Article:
The evolutionary consequences of climate change are likely to be widespread, but are little understood. In particular, what happens when closely related species which used to be geographically separated come into contact as a result of climate-driven shifts to their distributions?
This PhD will research a model system of hybridisation due to climate change - as it happens. The brown argus butterfly (Aricia agestis) has moved northwards in Britain since the 1980s and has recently colonised parts of the distribution of the northern brown argus (Aricia artaxerxes). This studentship will examine the extent to which hybridisation between the two Aricia species is taking place, the evolutionary consequences of this, and ultimately assess the likelihood of survival of the northern species.
A background in evolutionary genetics and conservation would be useful, together with an interest in understanding the evolutionary consequences of global change.
Map of Great Britain showing the distributions of the univoltine Northern brown argus, Aricia artaxerxes (blue squares), and the bivoltine brown argus, Aricia agestis (red and pink squares).
Red squares: records of A. agestis from 1970-1987 when geranium use was uncommon).
Pink squares: new expanded range of A. agestis where geranium use is widespread.
Quantify how the number of butterfly generations per year and their use of host plants have changed (phenotypic changes) since ~1900.
Estimate the extent of gene flow between the two species.
Identify genes involved in new adaptations to host plants and the number of generations per year, and evaluate whether adaptive genes are passing between the two species.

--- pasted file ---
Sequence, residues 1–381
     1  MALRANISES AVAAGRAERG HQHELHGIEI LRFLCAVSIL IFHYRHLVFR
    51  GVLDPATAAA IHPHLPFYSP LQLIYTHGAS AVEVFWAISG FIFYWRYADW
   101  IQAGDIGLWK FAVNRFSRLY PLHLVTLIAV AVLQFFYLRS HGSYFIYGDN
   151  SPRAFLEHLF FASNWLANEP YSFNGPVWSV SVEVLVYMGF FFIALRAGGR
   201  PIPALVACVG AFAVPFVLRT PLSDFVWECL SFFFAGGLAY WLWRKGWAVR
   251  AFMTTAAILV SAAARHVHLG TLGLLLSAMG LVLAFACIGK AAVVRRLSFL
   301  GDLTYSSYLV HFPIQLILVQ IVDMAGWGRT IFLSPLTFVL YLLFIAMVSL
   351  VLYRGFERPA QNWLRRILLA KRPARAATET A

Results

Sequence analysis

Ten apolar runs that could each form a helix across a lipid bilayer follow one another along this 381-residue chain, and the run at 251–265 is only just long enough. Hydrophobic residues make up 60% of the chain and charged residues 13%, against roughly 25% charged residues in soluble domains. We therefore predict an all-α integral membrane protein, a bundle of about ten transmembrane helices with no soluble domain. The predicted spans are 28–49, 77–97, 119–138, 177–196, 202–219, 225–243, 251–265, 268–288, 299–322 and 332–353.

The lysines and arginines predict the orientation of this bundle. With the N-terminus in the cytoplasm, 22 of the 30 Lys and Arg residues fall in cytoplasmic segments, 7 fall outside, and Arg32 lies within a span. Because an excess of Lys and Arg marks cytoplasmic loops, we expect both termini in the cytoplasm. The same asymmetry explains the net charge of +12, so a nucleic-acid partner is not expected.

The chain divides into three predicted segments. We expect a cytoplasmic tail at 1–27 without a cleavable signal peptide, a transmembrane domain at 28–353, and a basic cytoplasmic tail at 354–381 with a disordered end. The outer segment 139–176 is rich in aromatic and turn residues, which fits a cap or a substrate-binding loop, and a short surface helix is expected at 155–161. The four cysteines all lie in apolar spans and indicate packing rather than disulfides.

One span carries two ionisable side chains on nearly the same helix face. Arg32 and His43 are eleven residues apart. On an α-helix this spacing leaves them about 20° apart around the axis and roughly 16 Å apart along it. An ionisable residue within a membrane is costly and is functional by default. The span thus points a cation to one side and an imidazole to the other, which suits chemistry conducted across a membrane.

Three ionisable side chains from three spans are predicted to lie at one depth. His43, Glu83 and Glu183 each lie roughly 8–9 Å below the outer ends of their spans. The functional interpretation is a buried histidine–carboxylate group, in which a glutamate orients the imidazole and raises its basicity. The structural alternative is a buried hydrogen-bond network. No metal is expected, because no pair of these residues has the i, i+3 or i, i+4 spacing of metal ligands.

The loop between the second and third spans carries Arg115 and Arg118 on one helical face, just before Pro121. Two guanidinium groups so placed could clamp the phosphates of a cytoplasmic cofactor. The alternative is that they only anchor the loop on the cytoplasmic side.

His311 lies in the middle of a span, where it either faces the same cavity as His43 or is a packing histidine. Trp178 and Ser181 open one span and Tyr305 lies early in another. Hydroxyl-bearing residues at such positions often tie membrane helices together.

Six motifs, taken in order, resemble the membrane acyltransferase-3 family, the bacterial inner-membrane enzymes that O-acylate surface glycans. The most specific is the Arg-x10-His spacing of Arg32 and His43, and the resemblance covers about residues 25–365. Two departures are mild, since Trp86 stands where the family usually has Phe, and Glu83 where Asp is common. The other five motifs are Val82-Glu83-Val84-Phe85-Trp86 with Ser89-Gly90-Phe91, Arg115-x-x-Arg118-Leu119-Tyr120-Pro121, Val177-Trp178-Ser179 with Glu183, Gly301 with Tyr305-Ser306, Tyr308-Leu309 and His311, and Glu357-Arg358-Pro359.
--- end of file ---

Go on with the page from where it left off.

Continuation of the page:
Estimate rates of expansion and gene flow, and assess whether the northern species might be genetically replaced by the southern species with further warming.
The project will involve fieldwork in Britain, lab work, and the bioinformatic analysis of genome sequences. You will benefit from using high quality genome assemblies from the Darwin Tree of Life Project and ecological data from the UK Biological Records Centre and Butterfly Conservation. You will benefit from access to York’s dynamic research centres, the Leverhulme Centre for Anthropocene Biodiversity and the Stockholm Environment Institute.
Natural England is a CASE partner for this project, and will provide supervision, additional resources for fieldwork, and policy or conservation-based placement opportunities.
Biological Sciences is ranked in the top 10 overall in the UK. The Department of Biology has held an Athena SWAN Gold award since 2014, and the ethos is to support all staff and students to reach their full potential, and .
The project is funded by the NERC ACCE DTP. The funding covers 3.5 years of stipend (£18,622 per year in 2023/24), university fees and research expenses. Additional fieldwork expenses will be provided by Natural England and Butterfly Conservation Yorkshire.
Both UK and non-UK candidates are eligible for this funding.
Buckle J & Bridle JR (2014) Loss of adaptive variation during evolutionary responses to climate change. Ecology Letters 17: 1316– 1325.
Buckley J, Butlin RK & Bridle JR. (2012), Evidence for evolutionary change associated with the recent range expansion of the British butterfly, Aricia agestis, in response to climate change. Molecular Ecology, 21: 267-280.
Pateman RM, Jane K Hill, David B Roy, Richard Fox, Chris D Thomas (2012) Temperature-dependent alterations in host use drive rapid range expansion in a butterfly. Science 336: 1028-1030.
Mallet J, Wynne IR & Thomas CD (2011), Hybridisation and climate change: brown argus butterflies in Britain (Polyommatus subgenus Aricia). Insect Conservation and Diversity, 4: 192-199.